Friday Q&A Hello Smart Option Sellers! Before we get to the questions, let's touch on what effect the big move lower in Big Lots (BIG) today will have on our portfolio. I know some of you have concerns, and even just thoughts, on what can happen now that a stock in our portfolio has moved below the strike price. I just want everyone to know that I am here and will be with you every step of the way. I will always answer your questions, especially when things get a little stressful due to market sell-offs. Let's go over some points of interest. Point #1: Stocks can, and will, move lower than our strike price on various occasions, even though we started with a very big cushion. It doesn't happen that often for us, but every once in awhile, we have a move like BIG experienced today. What happened with BIG anyway? BIG announced earnings this morning before the opening bell, and even though some of their numbers beat analyst estimates, other numbers didn't, and it was the less-than-stellar guidance moving forward that really hurt the stock. By the end of the trading day, BIG dropped $9.30 to its current price of $31 per share. That's an extremely large one-day move for a stock like BIG, and it has now pushed below our put-sell strike price of $32.50. The put option price has moved from $.25 per contract just yesterday, to its closing price of $2.85 per contract today. At the moment, that puts us in the red on this position by roughly $2.50 per contract. Point #2: Stocks can, and will, bounce back. Typically after a very large move like what BIG experienced, it will usually have a bounce, as smart investors know that much of the selling was overdone. The adage of "sell first, ask questions later" was on full display. People wanted out, and they sold the stock hard. But as I said in today's earlier alert, the general bearish mood of the market is hurting all stocks. Coupled with a bad earnings report, we can see how BIG probably fell more than it should have. It's scary out there for some investors. The continual volatility, and the large down-moves can ramp up the stress factor. You get that doomed feeling in the pit of your stomach that everything is just going to keep falling and all companies will go out of business. That's how the psyche works when money is on the line - you have images of worst-case scenarios. But we all know that cooler heads eventually prevail, and that stocks find a bottom and move back up. The question is - are we near the bottom yet or is more selling to come? Hard to answer. Stocks have fallen a good amount and we're getting to critical support areas on the charts. I'm more of a chart guy when it comes to picking trades, and the Dow, the S&P 500, and the Nasdaq all will soon hit upon major support. Those levels are 23,500-24,000 for the Dow, 2,600 for the S&P, and 6,800 for the Nasdaq. If those levels hold, we should see a significant bounce. If they fail, we will probably see a waterfall move lower. Point #3: What do we do moving forward? One of the things I've always done with our put-sell trades is to give us a huge margin for error to the downside. This is because I'm a very conservative guy and for the last ten years, the market has gone up practically unabated. With the thought of an eventual pull-back always on my mind, I want to play it safe. I think we all knew at some point there was going to be a big sell-off. So, planning for that move is how I've structured the trades. Now, it all comes down to how much more room for error do we have, and what will we do when that cushion gets very small? This is when we can employ our defensive strategy of "rolling" the trade. Since there is the possibility that stocks can fall further, it makes sense for us to lower our potential buy-in price on the stock. If we don't feel confident about potentially buying BIG at $32.50 per share, we can roll the trade down to a lower strike price using a further-dated expiration date. Since more time to expiration leads to higher option prices, we can swap out our current position for a different one. This type of activity would have us buy back our current January 2019 BIG $32.50 put-sell position for a loss, while selling a new put-sell position for the April or July 2019 expiration date using either a $27.50 or $30 strike price. The sale of the new put option would be for a price that would completely compensate for the loss we'd take on the original position. This would lead to an opportunity to still have an overall win between the two trades. The only draw-back would be is that we'd have to stretch the trade out for an extra few months. But if that's what it takes to be profitable on the position, then that's what we'll do. My other question to you is this - do you have any concerns with building a diversified long-term portfolio of stocks? Because eventually, we may end up buying a stock. And at times, that stock may go lower. Stocks have been the best performing asset class over the last 100 years. If you're interested in building long-term wealth, you have to be invested in stocks. Look at Warren Buffett. He's arguably the most successful investor of our time. He's done it by holding stocks for long periods of time (forever, according to him). And he doesn't sweat the down-moves. We just learned that Apple has now become Buffett's largest holding to date. He's recently built upon that position, and the stock has moved lower. Think he's worried? Heck no! He knows stocks will go back up again. And that's the outlook we should have. But we have to decide whether it makes sense to roll the position or possibly take the assignment at our current strike price and buy the shares. If we end up buying the shares, we can hold for unlimited upside gains. If we roll, and are successful in that the put option expires worthless, we can only make a profit to the tune of whatever we sell the put option for. I can tell you from experience, you can make lots more money by having a stock appreciate in price versus just collecting put option premiums. I'm in no way downplaying how successful we've been at selling puts. We have lots of Smart Option Seller members who have made lots of money since our inception since January 2017. But option selling has a limited upside, capped at what you sell the option for. Being long shares of stock has no cap to the upside. I think eventually we should buy shares of stock and everyone will see how profitable that can be. And that subject leads me into our next point. Point #5: When our stocks fall (like BIG), you may see the value of your portfolio decline, and/or even receive a margin call from your broker. Since most brokers require a roughly 20% margin requirement when the put-sell is first initiated, you may notice that when the stock falls, your margin requirement to hold that specific put-sell position will go up. This is the broker's way of protecting themselves and making sure that you have the funds to pay for the stock in full in the case of assignment. An increased margin requirement will take away from available funds you may want to use for other trades. If anyone finds themselves in this predicament at the moment, you can either add more funds to your account, roll the position (even before we do it officially), or buy back some of the put option contracts if you've sold multiple positions. If you buy back some contracts, you will unfortunately incur a loss. Margin requirements are a very important topic to discuss, and it's part of the Margin Primer you can read in the Members-Only section of our website. It might be worth a re-read. The other point that I've made in the past, and one that is prominent in the free Put-Selling Basics ebook, is that you should only sell put options on stocks that you would have a genuine interest in owning if it came down to it. And, you should stay within your comfort zone as far as how many put option contracts you should sell. When we have a large stock move like BIG had, it really tests whether you can follow through on your commitment to the strategy. So, let's see what happens on Monday and we can formulate a plan. Heck, for all we know, the market might bounce and we won't have to take any action. I hope my rambling has given some of you clarity and context on the finer points of put-selling and maybe put you at ease, as well. Now, let's get to the actual questions that have come in recently. Q: Hi Lee; In July I saw an article that My Pin headed politician had gotten a bill passed in the house on options trading. Bill HR 5749. Do you know about this bill? How about a comment about this to us all. Do you thing this will effect the price we will get for our options? They have 360 day to formulate a plan. You know what happens when Congress makes plans. A: Hmm, I'm not all that familiar with this bill, and before you brought it up, I've never heard of it. As far as what I can tell by a quick read, it seems that this bill is aimed at possibly stabilizing and increasing the safety measures for banks and other institutions that take part in options trading. I don't really see anything in there that will affect us as individual traders. I'll have to look into this further, and will keep my eyes and ears open for more information. Q: Hi Lee. Looking ahead to your possible Credit Spread service, could you explain a bit more about the bottom line? I understand the impact on margin, but I'm curious if the likely profit per trade would be the same as a comparable put selling trade or would we have to do more trades to achieve the same net? Separate from that answer, would we do more trades within a year? It's my understanding we would have a choice to either do the credit spread or sell on put on each trade. Are there enough potential choices for you to provide separate (not the same underlying stock) credit spreads and put sales to consider? A: Most likely we will launch this service in January. As noted previously, the new service will be called Vertical Spread Trader and will focus specifically on selling put-option credit spreads. I'm envisioning the spreads will collect roughly the same amount of premium as we do with the single put-sell trades. Doing so will give us the largest cushion we can expect when selling spreads. You need to remember, that when trading spreads, the premium you receive from the sold option will be diminished by the premium paid on the bought option. In most cases, because of this, the strike prices used in the spread will put you closer to the current stock price, versus when selling single put options which can give you very large cushions for error. That point is not meant to diminish the effectiveness of selling option spreads. It's just meant to make you aware of how they work. The trade-off with selling spreads is the same as with single put-sells: do you want a higher premium payment, or do you want more cushion for directional error? Also, and this is important, spreads give you a finite limited-loss feature in which you know upfront how much your maximum loss can be no matter how far the stock may fall. This can give peace of mind, especially when things are as erratic as they are now in the stock market. I do foresee having more potential trade opportunities with the spreads as we can concentrate on higher priced stocks. With Smart Option Seller, we try to stick with stocks $50 and under. This won't be the issue with the spread service. Q: Re: credit spreads - what happens if both puts get put? A: If both options in the spread go in-the-money, the short put would get automatically assigned and the long put would automatically get exercised.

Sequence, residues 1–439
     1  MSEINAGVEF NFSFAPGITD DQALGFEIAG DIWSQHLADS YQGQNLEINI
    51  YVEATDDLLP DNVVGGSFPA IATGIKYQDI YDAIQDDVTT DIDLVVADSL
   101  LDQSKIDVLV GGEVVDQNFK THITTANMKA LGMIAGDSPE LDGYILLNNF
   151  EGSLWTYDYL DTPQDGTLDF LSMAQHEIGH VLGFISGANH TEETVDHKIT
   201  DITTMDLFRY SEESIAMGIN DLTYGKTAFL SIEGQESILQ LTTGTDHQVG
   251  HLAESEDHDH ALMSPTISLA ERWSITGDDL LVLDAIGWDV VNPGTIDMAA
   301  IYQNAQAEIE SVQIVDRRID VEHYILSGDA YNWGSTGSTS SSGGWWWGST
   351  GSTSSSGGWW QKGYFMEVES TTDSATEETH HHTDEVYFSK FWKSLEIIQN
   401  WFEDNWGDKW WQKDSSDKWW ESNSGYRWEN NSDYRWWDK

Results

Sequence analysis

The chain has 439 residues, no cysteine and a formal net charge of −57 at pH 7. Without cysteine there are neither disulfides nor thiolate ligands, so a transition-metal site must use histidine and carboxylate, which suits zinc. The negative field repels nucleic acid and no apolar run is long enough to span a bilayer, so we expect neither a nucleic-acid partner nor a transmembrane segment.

They would offset each other and disappear from the account. Maximum loss would be realized.
Q: Hi Lee- So ready to get started. Do you still like the AMD $15 Feb 19 Put after the last few days vol? A: Hi, thanks for the question. Although I can't address individual investment questions, you can always check the instructions in the Current Portfolio that comes at the end of each of these alerts. At the moment, AMD is still open for new trades, but Alcoa (AA) and Big Lots (BIG) have been moved to no new trades. Well, that's all for now. I know this alert is longer than usual. Continue to hold all other open positions as-is. Contact me here with fills, comments, questions or concerns. Have a great weekend! Regards,
Lee Let's Grab That Cash!